The only outdoor-related subject matter that gets me as much response as my columns on wolves are the ones related to dove hunting. That season opens in Minnesota on September 1. Morning doves are the most plentiful game bird in North America and their populations are considered a species of least concern. The average life expectancy of a dove is under one year.
Yet with all of the facts that show hunting doves has no measurable effect on dove populations, there are always going to be folks who think all hunting should be outlawed. This is why so many states have amended their constitutions to protect hunting and fishing as a legal activity.
My dad never really hunted very much, and I certainly did not develop my outdoor passions as a result of countless hours in the field with my dad. Making a living back then was the only concern, and for the majority of my youth my parents spent their time doing just that.
One dove hunting memory that I do remember well is one from when I was about 6 years old, and it took place in the great state of South Dakota. Times have changed a lot since then, but the story I am about to share was quite common more than 50 years ago.
There was no time to go scouting to look for a dove field to hunt in. Our scouting was hunting. My mom would drive a 50’s-something Chevy station wagon down gravel roads at about 10 miles per hour. My dad would sit on the front fender with his shotgun in hand. He had a friend whose name was Roger Spirie (pronounced spie-ree). I am sure I spelled it wrong.
As we drove down the gravel roads, we looked for doves sitting on the power lines overhead. When we got close, mom slowed the car down and when the doves jumped off the line to fly off, mom would come to a stop and dad would slide off the front fender and take aim.
If he was successful, I would bail out of the back seat and run to retrieve the dove.
If you have ever hunted doves before, you would know they are a pretty hard target to hit. The limit was 15 birds per person per day. This is still the limit today. Most hunters don’t shoot a limit each hunting effort. Dad often harvested 15 doves with 25 shots.
Dad and Roger took turns depending on what side of the gravel road the bird was. We would go home and clean the doves and my mom would bake them in sour crème sauce and, boy, were they good.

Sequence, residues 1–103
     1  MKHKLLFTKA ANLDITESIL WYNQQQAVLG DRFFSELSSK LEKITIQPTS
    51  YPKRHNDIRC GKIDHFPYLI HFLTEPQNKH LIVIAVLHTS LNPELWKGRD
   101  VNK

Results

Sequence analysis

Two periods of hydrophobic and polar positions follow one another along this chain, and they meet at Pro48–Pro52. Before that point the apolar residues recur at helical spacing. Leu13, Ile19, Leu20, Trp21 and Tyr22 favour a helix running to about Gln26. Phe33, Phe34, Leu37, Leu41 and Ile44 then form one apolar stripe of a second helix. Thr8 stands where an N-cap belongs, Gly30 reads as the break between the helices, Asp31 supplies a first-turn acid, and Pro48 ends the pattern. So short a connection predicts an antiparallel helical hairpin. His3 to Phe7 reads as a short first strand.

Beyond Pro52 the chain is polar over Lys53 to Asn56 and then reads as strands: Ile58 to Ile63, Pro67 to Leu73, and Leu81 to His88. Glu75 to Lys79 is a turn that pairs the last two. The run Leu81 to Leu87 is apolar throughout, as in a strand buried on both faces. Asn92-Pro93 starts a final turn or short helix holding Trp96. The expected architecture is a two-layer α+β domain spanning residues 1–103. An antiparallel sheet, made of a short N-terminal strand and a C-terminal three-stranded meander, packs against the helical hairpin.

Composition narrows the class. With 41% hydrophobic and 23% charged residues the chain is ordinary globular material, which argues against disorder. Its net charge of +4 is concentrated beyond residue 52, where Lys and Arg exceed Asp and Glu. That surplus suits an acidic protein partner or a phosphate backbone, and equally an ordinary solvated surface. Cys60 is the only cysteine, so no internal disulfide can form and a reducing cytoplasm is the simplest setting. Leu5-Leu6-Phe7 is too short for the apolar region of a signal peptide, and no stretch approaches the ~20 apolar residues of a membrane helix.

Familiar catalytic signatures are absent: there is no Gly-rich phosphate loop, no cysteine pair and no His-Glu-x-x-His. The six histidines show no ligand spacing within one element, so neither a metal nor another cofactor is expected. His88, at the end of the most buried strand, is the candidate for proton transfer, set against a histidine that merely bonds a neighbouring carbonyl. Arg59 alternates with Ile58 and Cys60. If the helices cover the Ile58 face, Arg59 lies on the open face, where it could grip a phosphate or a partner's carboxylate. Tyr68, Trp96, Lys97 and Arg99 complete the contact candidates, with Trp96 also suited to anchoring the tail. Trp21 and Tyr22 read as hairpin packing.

I remember a time when we opened up the back of the station wagon and one of the doves was not completely dead. It fluttered out the back and was making a getaway across the yard. Both me and my brother Chyne, looking like Sylvester Stallone in the movie Rocky where he chased the full-size chicken around in an alley in order to train for quickness in the boxing ring, took to the chase.
We did catch it and it went in the baking dish with all of the others. Why is it that you remember some things so vividly and I can’t remember what I had for lunch two days ago?
It has always been the same for me. The clearest memories I have, have been centered around enjoying the outdoors. The habitat, the weather, the sunsets, the family and friends that were there to share the experience. What the game tasted like and many of my very favorite memories are those of sitting on the tailgate of my truck with a loved one watching the sun set with a glass of wine or a cold beer in hand.
The dove opener is a special opportunity to make some of these same memories with your child or the young kid in the neighborhood.
The reason the dove opener makes for a better than average opportunity to make these memories is because the weather is almost always warm. A young kid can get some shooting without having to get up at the crack of dawn and sit still for 4-5 hours at a time.
Doves are pretty forgiving when it comes to a little noise or moderate movement. These are things young kids struggle to avoid.
If you spend time outdoors continue to do so. If you don’t, please give this easy, relaxing hunting opportunity a try and take a young person with you.
You can’t sit on the fender of a car anymore, but your outdoor memory will be just as sweet.